The potential of digital technologies in problem-based forensic learning activities


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The potential of digital technologies in problem-based forensic learning activities
Science & Justice
Kummer Natalie, Delémont Olivier, Voisard Romain, Weyermann Céline
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Forensic practice is the concluding practical course of the forensic science bachelor program at the School of Criminal Justice of the University of Lausanne. Learning activities are constructed around five main objectives for the resolution of simulated forensic case problems: 1) select relevant traces and items to be collected at the scene and perceive their potential value in the reconstruction process, 2) apply appropriate detection techniques in sequence to obtain clues of good quality, 3) process traces using Analysis, Comparison, Evaluation and Verification (ACE-V) methodology, 4) produce and summarise information in oral and written forms to help an investigation, and 5) work collaboratively to benefit from the diversity of group members. Simulating and supervising realistic activities is a complex task that became more and more challenging with a continuously increasing number of students over the years (from ca. 30 in 2016 to more than 60 in 2021). Thus, an educational innovation project was launched and aimed at implementing digital technologies to support the teaching staff. A computer-based crime scene simulation tool (allowing students to visualize 360° crime scenes and relevant items) and a communication tool (to simplify and centralise the communication between the students and the teaching staff) were implemented. This article describes the implementation, added value and limitations of these digital technologies in problem-based learning activities. Prior to 2020, the practical course forensic practice was delivered entirely on-site without specific technologies, and entirely on-line in 2020 (due to the sanitary restrictions related to the COVID-19 pandemic). Finally, in 2021, on-line and on-site activities were implemented with success, combining the best of both approaches in a blended teaching mode. An overall increase in the satisfaction of students and teaching staff was observed with the implementation of these tools. Limiting presence on-site allowed students to take a step back from the activities and collected items. This promoted critical thinking, and together with an increase in structured (on-line and on-site) interactions allowed for a positive, continuous learning experience. While the evaluations of these novel technologies were very positive, students still expressed their willingness to perform certain tasks on-site and a preference for face-to-face interactions.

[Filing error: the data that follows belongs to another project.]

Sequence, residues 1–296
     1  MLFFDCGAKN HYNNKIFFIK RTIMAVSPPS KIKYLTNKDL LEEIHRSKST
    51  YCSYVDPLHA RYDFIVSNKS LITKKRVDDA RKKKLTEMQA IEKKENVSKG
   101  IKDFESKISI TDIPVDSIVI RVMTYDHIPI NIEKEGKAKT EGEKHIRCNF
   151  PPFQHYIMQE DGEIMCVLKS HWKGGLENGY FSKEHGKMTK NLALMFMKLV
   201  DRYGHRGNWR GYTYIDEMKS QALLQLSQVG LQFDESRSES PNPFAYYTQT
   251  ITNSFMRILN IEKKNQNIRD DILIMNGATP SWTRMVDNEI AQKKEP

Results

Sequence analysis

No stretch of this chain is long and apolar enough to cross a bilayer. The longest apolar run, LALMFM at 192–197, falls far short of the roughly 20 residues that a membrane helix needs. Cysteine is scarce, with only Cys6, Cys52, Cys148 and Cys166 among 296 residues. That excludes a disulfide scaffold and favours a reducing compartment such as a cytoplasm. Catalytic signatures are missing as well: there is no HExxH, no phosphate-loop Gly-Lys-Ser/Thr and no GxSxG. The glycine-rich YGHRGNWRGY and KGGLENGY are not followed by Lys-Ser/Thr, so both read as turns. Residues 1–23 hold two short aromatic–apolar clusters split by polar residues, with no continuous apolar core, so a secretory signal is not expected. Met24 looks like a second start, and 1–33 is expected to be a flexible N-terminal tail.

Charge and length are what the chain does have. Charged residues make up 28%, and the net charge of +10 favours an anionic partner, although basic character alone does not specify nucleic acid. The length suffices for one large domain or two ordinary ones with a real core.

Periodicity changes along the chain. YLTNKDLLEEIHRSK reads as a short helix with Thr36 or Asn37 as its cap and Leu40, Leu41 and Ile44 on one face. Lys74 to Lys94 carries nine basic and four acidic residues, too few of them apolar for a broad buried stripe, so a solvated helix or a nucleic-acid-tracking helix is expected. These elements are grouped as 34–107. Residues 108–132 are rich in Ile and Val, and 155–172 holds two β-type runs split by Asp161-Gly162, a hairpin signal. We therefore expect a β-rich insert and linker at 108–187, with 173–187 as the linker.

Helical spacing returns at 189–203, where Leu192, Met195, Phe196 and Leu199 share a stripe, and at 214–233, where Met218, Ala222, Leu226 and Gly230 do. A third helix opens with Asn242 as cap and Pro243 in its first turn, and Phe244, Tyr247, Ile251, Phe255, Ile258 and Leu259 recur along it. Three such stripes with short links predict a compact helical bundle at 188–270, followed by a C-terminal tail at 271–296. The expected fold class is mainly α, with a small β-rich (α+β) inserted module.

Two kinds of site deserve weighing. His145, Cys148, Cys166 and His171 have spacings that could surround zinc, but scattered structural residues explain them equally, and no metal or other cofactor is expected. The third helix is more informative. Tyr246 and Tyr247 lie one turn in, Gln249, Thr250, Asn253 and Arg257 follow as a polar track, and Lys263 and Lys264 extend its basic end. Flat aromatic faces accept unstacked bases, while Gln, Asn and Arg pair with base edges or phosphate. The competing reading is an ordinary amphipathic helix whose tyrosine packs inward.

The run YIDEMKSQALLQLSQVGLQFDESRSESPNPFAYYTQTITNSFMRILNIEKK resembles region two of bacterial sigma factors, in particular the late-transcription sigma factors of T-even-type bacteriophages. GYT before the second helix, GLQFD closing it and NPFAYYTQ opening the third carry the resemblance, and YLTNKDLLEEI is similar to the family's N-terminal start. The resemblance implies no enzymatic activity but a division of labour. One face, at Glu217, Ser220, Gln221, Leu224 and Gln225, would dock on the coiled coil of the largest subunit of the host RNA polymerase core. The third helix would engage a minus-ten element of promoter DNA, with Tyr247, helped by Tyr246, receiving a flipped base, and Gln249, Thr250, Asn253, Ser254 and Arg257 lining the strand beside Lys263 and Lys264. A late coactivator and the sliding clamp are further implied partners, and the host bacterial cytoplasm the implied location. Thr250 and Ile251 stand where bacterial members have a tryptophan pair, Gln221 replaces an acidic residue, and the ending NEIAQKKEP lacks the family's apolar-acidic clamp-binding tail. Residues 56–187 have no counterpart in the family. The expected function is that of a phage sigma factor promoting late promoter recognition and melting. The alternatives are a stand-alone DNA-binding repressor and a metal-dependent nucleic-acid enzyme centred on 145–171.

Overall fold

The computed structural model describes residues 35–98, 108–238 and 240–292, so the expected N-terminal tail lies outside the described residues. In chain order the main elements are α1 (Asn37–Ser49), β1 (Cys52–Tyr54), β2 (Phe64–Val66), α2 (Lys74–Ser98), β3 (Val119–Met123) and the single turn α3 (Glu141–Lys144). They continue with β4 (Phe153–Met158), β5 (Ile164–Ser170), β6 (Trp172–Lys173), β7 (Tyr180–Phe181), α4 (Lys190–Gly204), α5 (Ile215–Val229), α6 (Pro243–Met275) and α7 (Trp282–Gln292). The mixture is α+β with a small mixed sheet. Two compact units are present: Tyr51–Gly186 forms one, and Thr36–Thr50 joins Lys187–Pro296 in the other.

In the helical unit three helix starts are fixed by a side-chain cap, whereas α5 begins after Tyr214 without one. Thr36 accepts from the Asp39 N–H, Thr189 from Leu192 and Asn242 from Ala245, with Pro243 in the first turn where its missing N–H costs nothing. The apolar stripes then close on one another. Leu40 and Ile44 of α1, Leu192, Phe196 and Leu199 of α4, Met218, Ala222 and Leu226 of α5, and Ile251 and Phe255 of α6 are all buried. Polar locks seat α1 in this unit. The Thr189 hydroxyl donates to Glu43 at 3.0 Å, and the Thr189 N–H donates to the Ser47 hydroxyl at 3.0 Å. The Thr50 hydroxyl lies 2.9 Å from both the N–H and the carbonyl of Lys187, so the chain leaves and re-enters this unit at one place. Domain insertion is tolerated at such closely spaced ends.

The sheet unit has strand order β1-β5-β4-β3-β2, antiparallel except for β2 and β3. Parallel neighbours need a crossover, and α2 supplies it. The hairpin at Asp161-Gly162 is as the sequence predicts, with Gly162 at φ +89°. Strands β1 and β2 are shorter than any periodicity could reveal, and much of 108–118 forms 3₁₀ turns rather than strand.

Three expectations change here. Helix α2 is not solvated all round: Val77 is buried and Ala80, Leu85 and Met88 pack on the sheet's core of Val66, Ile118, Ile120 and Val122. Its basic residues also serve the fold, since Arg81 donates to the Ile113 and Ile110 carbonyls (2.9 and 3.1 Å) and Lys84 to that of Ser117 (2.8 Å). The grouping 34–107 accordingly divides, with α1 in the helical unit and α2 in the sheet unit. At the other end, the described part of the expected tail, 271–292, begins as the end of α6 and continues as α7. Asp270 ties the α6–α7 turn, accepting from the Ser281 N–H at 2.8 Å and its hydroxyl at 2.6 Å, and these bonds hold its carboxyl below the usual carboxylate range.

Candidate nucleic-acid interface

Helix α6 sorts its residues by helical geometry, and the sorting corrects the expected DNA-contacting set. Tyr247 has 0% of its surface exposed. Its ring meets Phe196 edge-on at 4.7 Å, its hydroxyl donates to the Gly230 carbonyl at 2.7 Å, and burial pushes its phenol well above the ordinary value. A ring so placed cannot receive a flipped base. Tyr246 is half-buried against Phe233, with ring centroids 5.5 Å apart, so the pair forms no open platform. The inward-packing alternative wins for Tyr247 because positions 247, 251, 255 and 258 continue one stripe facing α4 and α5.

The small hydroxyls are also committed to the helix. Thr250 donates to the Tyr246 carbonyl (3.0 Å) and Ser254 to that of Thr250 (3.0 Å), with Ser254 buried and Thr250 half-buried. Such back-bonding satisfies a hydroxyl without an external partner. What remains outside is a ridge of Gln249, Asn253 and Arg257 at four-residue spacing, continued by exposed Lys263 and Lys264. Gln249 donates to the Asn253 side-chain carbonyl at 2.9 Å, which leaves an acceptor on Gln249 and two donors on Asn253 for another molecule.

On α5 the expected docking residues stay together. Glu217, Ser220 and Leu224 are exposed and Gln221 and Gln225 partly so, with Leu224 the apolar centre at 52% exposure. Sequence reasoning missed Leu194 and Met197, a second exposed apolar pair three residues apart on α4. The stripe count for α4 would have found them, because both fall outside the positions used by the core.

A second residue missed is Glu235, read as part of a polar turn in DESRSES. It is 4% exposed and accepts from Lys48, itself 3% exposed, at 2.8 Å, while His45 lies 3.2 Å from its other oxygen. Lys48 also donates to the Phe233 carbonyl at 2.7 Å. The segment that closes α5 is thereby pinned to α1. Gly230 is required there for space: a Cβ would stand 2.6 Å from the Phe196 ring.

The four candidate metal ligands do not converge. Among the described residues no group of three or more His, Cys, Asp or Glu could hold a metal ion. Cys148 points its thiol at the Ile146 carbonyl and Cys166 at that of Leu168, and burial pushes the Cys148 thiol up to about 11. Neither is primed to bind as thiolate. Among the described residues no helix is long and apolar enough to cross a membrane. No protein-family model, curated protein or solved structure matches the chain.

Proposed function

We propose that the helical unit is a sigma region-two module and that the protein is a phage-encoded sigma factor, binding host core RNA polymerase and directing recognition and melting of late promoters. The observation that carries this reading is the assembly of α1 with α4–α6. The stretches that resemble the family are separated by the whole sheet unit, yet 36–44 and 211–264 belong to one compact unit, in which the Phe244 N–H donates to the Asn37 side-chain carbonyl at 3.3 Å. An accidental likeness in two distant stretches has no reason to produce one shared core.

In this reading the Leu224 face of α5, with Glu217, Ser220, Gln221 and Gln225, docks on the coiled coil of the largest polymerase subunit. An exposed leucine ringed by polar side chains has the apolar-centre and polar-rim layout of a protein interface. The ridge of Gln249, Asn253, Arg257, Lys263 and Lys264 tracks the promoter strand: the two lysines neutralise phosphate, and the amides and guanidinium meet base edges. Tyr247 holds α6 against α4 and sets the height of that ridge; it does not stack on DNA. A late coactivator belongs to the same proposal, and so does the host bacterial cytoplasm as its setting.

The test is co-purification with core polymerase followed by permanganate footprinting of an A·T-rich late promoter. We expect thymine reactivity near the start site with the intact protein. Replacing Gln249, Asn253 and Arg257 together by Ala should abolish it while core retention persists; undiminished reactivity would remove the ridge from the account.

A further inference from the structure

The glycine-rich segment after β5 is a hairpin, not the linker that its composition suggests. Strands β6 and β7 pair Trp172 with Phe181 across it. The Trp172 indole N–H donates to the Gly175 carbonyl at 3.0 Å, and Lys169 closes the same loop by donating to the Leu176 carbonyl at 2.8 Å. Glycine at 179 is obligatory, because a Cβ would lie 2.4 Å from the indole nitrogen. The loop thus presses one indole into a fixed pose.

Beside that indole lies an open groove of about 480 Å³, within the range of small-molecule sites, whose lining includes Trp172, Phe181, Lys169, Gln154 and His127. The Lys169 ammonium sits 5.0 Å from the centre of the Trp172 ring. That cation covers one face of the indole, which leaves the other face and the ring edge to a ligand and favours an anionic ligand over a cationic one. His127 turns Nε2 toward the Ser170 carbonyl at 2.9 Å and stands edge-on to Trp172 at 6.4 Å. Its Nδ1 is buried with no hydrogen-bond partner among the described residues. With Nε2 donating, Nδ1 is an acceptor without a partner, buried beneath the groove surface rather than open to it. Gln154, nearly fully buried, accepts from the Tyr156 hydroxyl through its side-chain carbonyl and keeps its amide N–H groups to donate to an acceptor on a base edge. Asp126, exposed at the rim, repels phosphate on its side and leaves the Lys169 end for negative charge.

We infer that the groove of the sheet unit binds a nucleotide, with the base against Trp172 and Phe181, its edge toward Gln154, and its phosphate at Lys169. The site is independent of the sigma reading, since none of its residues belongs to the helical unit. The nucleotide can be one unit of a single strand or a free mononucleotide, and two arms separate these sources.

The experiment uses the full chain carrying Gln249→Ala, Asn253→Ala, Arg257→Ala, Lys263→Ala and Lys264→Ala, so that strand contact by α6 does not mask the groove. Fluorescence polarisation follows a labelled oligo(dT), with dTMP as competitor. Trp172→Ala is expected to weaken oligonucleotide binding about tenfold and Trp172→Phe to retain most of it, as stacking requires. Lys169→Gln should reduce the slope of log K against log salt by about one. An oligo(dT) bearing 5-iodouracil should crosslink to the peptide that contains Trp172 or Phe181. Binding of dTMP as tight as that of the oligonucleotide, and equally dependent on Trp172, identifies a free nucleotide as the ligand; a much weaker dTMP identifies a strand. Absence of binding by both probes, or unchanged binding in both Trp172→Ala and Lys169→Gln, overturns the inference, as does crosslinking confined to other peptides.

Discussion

Forensic science, Education, Practice, Training, Collaborative learning, Crime scene investigation, Forensic laboratory, Case simulation
Open Access
University of Lausanne
Create date
03/05/2022 11:01
Last modification date
20/07/2022 7:12
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